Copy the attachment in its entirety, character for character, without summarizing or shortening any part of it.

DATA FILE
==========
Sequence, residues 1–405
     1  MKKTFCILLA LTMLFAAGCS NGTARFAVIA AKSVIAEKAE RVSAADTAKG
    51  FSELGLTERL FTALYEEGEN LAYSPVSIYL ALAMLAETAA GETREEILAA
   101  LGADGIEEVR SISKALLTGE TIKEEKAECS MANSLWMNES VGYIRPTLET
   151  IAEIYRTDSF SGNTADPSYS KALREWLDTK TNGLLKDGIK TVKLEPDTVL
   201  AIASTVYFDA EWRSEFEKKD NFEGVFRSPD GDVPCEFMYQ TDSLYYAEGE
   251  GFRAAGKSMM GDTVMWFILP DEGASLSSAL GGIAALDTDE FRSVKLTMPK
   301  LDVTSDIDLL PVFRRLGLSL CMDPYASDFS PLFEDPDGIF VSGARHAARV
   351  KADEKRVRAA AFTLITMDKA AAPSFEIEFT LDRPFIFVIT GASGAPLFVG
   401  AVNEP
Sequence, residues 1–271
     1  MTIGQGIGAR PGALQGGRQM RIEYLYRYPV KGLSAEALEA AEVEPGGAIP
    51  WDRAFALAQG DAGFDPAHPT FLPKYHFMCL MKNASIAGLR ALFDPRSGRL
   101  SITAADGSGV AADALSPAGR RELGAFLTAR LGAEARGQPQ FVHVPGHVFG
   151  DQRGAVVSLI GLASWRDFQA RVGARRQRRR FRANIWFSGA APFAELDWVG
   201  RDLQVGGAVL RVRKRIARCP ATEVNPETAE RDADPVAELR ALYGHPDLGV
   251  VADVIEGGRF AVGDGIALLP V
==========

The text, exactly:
Sequence, residues 1–405
     1  MKKTFCILLA LTMLFAAGCS NGTARFAVIA AKSVIAEKAE RVSAADTAKG
    51  FSELGLTERL FTALYEEGEN LAYSPVSIYL ALAMLAETAA GETREEILAA
   101  LGADGIEEVR SISKALLTGE TIKEEKAECS MANSLWMNES VGYIRPTLET
   151  IAEIYRTDSF SGNTADPSYS KALREWLDTK TNGLLKDGIK TVKLEPDTVL
   201  AIASTVYFDA EWRSEFEKKD NFEGVFRSPD GDVPCEFMYQ TDSLYYAEGE
   251  GFRAAGKSMM GDTVMWFILP DEGASLSSAL GGIAALDTDE FRSVKLTMPK
   301  LDVTSDIDLL PVFRRLGLSL CMDPYASDFS PLFEDPDGIF VSGARHAARV
   351  KADEKRVRAA AFTLITMDKA AAPSFEIEFT LDRPFIFVIT GASGAPLFVG
   401  AVNEP
Sequence, residues 1–271
     1  MTIGQGIGAR PGALQGGRQM RIEYLYRYPV KGLSAEALEA AEVEPGGAIP
    51  WDRAFALAQG DAGFDPAHPT FLPKYHFMCL MKNASIAGLR ALFDPRSGRL
   101  SITAADGSGV AADALSPAGR RELGAFLTAR LGAEARGQPQ FVHVPGHVFG
   151  DQRGAVVSLI GLASWRDFQA RVGARRQRRR FRANIWFSGA APFAELDWVG
   201  RDLQVGGAVL RVRKRIARCP ATEVNPETAE RDADPVAELR ALYGHPDLGV
   251  VADVIEGGRF AVGDGIALLP V